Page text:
Chicago developer Dan McCaffery and city officials have agreed to pursue a long-term lease for redevelopment of the Strip District’s celebrated Produce Terminal in up to four phases, beginning with a public market at the 16th Street end of the building.

A memorandum of understanding that establishes the development plan says the lease will require McCaffery Interests to dedicate at least 20,000 square feet to the “largely food-centric” market and 40,000 square feet for local and regional businesses.

McCaffery will pay the Urban Redevelopment Authority $600,000 for the first phase of construction, followed by two lease payments of $950,000 apiece for the second and third phases. The city stipulated that leased space for Contemporary Craft be extended, though its rent will increase.

The memorandum follows three years of discussion with McCaffery about renovating the Pennsylvania Fruit Auction and Sales Building that stretches for five blocks along Smallman Street in the heart of the Strip. The lease that is negotiated will set a timeline, says McCaffery, who can now seek financing for the estimated $50 million project and talk with potential tenants.

“This is a memorandum of understanding that we will attempt to negotiate a lease and a disposition agreement with the city. Eventually they have to, quote-unquote, transfer title to me,” says McCaffery, who asked for an option to buy after 15 years. “It’s taken a good amount of time to find agreement on major issues on that MOU and I’m delighted that we have. We won’t be looking for ways to slow it down. We’ve got another interest rate increase coming, and all of these things hurt.”

Both he and city officials have “a lot of work” to do before construction can begin, he notes. Central to his plan to transform the terminal into office and retail space is a city proposal to improve the safety and design of Smallman Street for pedestrians and vehicles, including delivery trucks. City Planning Director Ray Gastil has said upgrading Smallman into a “super street” with tree-lined public spaces, new lighting, sidewalks and crosswalks could cost up to $20 million.

“I wouldn’t want to be able to open that building tomorrow morning,” McCaffery says. “There are no sidewalks to walk on, no stairs to get up to most of it, so it’s pretty much inaccessible. And it’s wrecked, let’s be honest.”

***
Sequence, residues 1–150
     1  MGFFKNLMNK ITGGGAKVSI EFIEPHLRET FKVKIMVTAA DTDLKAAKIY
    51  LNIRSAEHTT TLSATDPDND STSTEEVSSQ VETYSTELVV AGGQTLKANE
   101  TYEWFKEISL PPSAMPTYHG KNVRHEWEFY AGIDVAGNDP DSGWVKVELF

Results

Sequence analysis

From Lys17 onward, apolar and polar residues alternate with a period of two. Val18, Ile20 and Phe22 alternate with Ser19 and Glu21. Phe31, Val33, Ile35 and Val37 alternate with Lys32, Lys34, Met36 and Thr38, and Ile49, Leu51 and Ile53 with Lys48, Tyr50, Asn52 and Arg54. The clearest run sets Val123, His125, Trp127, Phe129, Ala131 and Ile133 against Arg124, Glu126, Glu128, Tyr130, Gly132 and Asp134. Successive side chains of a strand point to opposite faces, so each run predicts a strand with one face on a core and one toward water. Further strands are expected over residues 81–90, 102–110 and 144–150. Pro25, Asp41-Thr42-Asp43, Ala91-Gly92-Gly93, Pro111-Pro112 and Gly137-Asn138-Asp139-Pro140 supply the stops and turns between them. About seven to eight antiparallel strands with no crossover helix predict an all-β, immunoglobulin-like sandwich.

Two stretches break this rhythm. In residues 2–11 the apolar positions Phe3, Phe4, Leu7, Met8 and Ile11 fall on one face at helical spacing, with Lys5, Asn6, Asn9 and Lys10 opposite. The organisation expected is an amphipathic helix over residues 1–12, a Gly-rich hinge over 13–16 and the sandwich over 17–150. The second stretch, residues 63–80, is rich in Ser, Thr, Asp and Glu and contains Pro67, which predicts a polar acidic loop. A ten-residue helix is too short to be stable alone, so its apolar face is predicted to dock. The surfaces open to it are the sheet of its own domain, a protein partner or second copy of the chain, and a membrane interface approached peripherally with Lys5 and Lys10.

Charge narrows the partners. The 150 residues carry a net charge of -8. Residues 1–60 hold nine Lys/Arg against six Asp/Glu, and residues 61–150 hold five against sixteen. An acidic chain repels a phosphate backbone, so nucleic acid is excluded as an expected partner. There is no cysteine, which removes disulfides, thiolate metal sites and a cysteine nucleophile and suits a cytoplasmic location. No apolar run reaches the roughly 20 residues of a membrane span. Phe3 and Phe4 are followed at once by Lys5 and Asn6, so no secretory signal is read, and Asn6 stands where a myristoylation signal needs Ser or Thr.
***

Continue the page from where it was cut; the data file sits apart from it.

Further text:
The one-story brick building, opened in 1926, has only two tenantsContemporary Craft at the 21st Street end in a bright and renovated space, and a rose seller in one bay. McCaffery has said he wants to take advantage of architectural details such as high ceilings and large windows in the terminal and a warehouse across the street, at 1600 Smallman, that he has under contract to redevelop. The projects would use historic tax credits as part of the financing plan.

The lease will require McCaffery to leave the Produce Terminal intact, except for cutting pedestrian pass-throughs at 17th, 18th and 20th streets to access parking in the back and the trail along the Allegheny River beyond. The core and shell renovation must meet LEED Silver standards.

The URA agreed to establish a revolving public investment fund to support small, local businesses that seek space in the terminal or elsewhere in the Strip.

The URA preferred to lease the building to preserve public interest in a historic asset. The property would return to the tax rolls, and taxes are needed to support a proposed $7.5 million tax-increment financing plan for the street improvements.

City Council needs to approve the lease, rezoning to urban industrial for the redevelopment, andalong with County Council and the Pittsburgh Public Schools boarddevelopment of the TIF plan. School board members have expressed concern about a TIF, which would require a second vote for approval later.

A hands-on developer, McCaffery has an office in the Strip District and visits Pittsburgh often. His construction team will join the staff in that office once the project advances, he says. He’ll hire Pittsburgh laborers for the construction work.

“We’re going to do our best to make it a reality as quickly as we can,” he says.

Sandra Tolliver is a freelance writer, editor and public relations professional in Upper St. Clair.